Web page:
The Amended Law on the Resolution of Economic Disputes (Nº 51/NA, 22 June 2018) (the “Amended Law”) came into effect on 6 December 2018 and replaced the previous Law on Economic Dispute Resolution (Nº 06/NA, 17 December 2010) (the “2010 Law”). A key highlight of the Amended Law is the inclusion of more detailed procedures relating to arbitration and mediation and the commencement, suspension, postponement and withdrawal of dispute resolution proceedings.
The Amended Law has shortened the time periods applicable to the Center or Office for the Resolution of Economic Disputes (“CRED” and “ORED” respectively) in certain instances. For example, if the parties failed to appoint a mediator or a mediation panel, the CRED or ORED will have 5 business days to select one or more mediators instead of the previous 10 days.
Enforcing Foreign Arbitral Awards
Unlike the 2010 Law which set out conditions for recognizing and enforcing a foreign or international arbitral award in the Lao PDR, the Amended Law now states that such recognition and enforcement is to be undertaken in accordance with the Law on Civil Procedure.
Ad Hoc Tribunals
Pursuant to the Amended Law, parties may also establish ad hoc arbitration in the Lao PDR, subject to government approval. Although the Amended Law makes no mention of the conditions which parties need to meet in order to receive the green light, this provision opens the possibility for disputants to conduct a recognized arbitration outside the auspices of CRED or ORED.
Refusal to Accept Summons
Another welcome development in the Amended Law is that failure by the respondent to receive a summons or to participate in the hearing no longer renders the proceedings null and void. Indeed, if the parties have agreed to domestic arbitration in the Lao PDR contractually, then proceedings will take place despite a respondent’s refusal to accept the summons or to participate in the hearing.
Recusal of Arbitrator
Under the Amended Law, the parties may also request recusal of an arbitrator in the event that the arbitrator is or may be subject to a conflict of interest. Previously, the 2010 Law simply granted the arbitrator the right to recuse himself or herself if he or she was of the view that a recusal was necessary.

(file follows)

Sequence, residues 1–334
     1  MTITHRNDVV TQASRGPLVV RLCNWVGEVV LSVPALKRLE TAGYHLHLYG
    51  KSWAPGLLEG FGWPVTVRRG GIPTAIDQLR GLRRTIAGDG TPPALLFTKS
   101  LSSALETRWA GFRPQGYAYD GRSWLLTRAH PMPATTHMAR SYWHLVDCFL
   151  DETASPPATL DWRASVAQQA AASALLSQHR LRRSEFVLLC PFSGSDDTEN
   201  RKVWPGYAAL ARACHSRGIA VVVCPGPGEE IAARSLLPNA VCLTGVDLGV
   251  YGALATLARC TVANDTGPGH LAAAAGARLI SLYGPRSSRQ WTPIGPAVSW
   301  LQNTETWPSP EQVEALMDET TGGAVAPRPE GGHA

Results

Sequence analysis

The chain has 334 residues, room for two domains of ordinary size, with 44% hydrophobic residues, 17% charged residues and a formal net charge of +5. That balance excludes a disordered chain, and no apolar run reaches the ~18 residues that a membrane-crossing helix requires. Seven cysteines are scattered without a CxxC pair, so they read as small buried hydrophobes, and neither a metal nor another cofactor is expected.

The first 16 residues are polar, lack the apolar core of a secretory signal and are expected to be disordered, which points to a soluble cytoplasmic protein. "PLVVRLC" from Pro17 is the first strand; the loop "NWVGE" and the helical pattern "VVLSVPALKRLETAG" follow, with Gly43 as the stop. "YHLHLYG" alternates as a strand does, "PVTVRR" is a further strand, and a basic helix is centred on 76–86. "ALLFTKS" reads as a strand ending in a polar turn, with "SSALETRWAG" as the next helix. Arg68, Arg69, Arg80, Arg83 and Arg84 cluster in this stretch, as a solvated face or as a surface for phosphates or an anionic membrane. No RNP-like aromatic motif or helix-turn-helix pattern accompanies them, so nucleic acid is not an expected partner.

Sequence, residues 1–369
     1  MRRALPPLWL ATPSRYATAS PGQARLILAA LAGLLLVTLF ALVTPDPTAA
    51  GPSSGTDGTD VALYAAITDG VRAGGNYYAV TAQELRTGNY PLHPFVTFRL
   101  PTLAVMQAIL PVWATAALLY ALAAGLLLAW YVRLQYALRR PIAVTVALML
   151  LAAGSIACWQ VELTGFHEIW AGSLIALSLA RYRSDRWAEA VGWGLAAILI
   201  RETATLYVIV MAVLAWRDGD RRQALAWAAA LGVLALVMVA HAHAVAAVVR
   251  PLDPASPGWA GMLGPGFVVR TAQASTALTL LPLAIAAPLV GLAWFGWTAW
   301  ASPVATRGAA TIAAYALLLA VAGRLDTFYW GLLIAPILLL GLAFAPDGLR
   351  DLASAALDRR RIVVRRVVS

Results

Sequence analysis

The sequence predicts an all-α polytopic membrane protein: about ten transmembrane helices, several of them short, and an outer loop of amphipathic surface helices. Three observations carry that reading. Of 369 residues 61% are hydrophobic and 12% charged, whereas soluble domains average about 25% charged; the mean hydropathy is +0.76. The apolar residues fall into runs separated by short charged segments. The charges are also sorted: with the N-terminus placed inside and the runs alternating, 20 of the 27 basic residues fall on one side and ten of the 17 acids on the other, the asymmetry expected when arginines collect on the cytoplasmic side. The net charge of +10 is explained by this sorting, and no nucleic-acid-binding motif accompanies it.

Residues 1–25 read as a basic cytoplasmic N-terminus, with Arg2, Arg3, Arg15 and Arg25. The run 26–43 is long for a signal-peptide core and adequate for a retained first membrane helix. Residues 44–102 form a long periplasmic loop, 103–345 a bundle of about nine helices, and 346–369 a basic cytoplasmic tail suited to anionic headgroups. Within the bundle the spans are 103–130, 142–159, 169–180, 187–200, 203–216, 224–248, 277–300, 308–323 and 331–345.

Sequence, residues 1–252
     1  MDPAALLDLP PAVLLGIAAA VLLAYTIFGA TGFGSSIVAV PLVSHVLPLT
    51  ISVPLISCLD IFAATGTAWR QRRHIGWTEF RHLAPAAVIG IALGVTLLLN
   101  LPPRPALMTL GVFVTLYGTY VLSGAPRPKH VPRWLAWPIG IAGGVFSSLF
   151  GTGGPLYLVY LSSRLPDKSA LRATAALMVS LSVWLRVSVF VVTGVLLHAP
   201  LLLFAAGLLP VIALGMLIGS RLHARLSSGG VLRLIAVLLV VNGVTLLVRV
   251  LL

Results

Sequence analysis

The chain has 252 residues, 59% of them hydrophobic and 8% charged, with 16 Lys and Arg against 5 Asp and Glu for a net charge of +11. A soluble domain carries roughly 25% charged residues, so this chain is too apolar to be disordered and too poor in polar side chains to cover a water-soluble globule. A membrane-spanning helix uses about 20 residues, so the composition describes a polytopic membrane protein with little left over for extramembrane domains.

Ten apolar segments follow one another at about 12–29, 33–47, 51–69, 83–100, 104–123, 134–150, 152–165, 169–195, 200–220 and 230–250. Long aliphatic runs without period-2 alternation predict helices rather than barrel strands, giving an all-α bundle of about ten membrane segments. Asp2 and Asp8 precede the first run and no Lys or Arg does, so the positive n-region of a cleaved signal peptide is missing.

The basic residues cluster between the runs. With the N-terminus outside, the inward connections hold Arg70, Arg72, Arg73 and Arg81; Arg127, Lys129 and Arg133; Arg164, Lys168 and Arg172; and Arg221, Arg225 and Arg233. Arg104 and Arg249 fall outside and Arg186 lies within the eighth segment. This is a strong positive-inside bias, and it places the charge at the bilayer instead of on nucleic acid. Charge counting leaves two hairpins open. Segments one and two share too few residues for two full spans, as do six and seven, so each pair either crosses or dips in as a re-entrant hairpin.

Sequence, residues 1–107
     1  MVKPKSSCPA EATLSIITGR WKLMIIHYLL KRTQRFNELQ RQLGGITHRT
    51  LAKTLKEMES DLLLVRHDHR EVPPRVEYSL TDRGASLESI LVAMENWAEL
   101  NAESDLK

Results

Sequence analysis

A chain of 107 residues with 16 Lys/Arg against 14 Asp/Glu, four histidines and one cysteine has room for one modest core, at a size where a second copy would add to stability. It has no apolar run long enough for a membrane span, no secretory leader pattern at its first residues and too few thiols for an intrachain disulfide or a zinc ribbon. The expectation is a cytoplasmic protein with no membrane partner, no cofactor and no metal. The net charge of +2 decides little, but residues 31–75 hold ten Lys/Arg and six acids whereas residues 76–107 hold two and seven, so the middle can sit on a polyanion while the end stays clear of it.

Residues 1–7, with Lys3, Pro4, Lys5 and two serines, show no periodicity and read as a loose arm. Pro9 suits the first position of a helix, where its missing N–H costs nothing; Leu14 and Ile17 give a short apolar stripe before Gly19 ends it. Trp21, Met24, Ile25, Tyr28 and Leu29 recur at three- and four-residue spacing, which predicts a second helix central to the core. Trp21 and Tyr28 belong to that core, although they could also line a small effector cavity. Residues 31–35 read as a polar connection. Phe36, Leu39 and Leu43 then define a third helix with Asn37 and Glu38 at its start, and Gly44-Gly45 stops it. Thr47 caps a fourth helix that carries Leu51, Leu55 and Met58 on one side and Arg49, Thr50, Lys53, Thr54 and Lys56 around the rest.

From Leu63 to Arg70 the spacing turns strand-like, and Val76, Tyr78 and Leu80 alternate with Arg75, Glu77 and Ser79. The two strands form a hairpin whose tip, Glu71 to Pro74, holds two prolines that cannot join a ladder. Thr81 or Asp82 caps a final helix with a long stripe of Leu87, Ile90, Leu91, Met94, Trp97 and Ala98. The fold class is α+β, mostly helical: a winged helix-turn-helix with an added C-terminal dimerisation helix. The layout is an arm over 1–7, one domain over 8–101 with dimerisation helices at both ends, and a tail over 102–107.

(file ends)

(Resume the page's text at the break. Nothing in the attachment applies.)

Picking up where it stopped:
Matters Capable of Arbitration
On the other hand, the Amended Law has now broadened the scope of those matters not capable of arbitration. Under the 2010 Law, grounds which would render a matter non-arbitrable were limited to matters in violation of laws on national security, social stability, or environmental protection. In contrast, under the Amended Law, any matters that relate to national security, social stability, or environmental protection may not be arbitrable whether or not a law is contravened.
While foreign citizens may now register as a foreign arbitrator (or mediator) with the Ministry of Justice, the use of a foreign arbitrator (or mediator) is only permitted when at least one of the disputing parties are foreign individuals, legal entities or organizations. Therefore, an economic dispute involving two Lao entities – even if they are owned or controlled by foreign shareholders – may not be able to appoint a foreign arbitrator (or mediator). Foreign-owned or controlled entities which are incorporated in Lao PDR may consider obtaining some further guidance that they would be entitled to appoint a foreign arbitrator if they intend to proceed with a domestic arbitration. Further, the parties may only select their arbitrators (or mediators) from a list prepared by the Ministry of Justice. One of the requirements to qualify as an authorized arbitrator or mediator in the Lao PDR (for both Lao and foreign nationals) is knowledge of the Lao language. In practice, this requirement will disqualify many foreign professionals who may be otherwise qualified.
The Ministry of Justice is currently working on implementing regulations for the Amended Law and we look forward to the development of the CRED and ORED in 2019.
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This article is written by DFDL Lawyers.
This article was first published on the DFDL website.
This article does not constitute legal advice or a legal opinion on any matter discussed and, accordingly, it should not be relied upon. It should not be regarded as a comprehensive statement of the law and practice in this area. If you require any advice or information, please speak to practicing lawyer in your jurisdiction. No individual who is a member, partner, shareholder or consultant of, in or to any constituent part of Interstellar Group Pte. Ltd. accepts or assumes responsibility, or has any liability, to any person in respect of this article.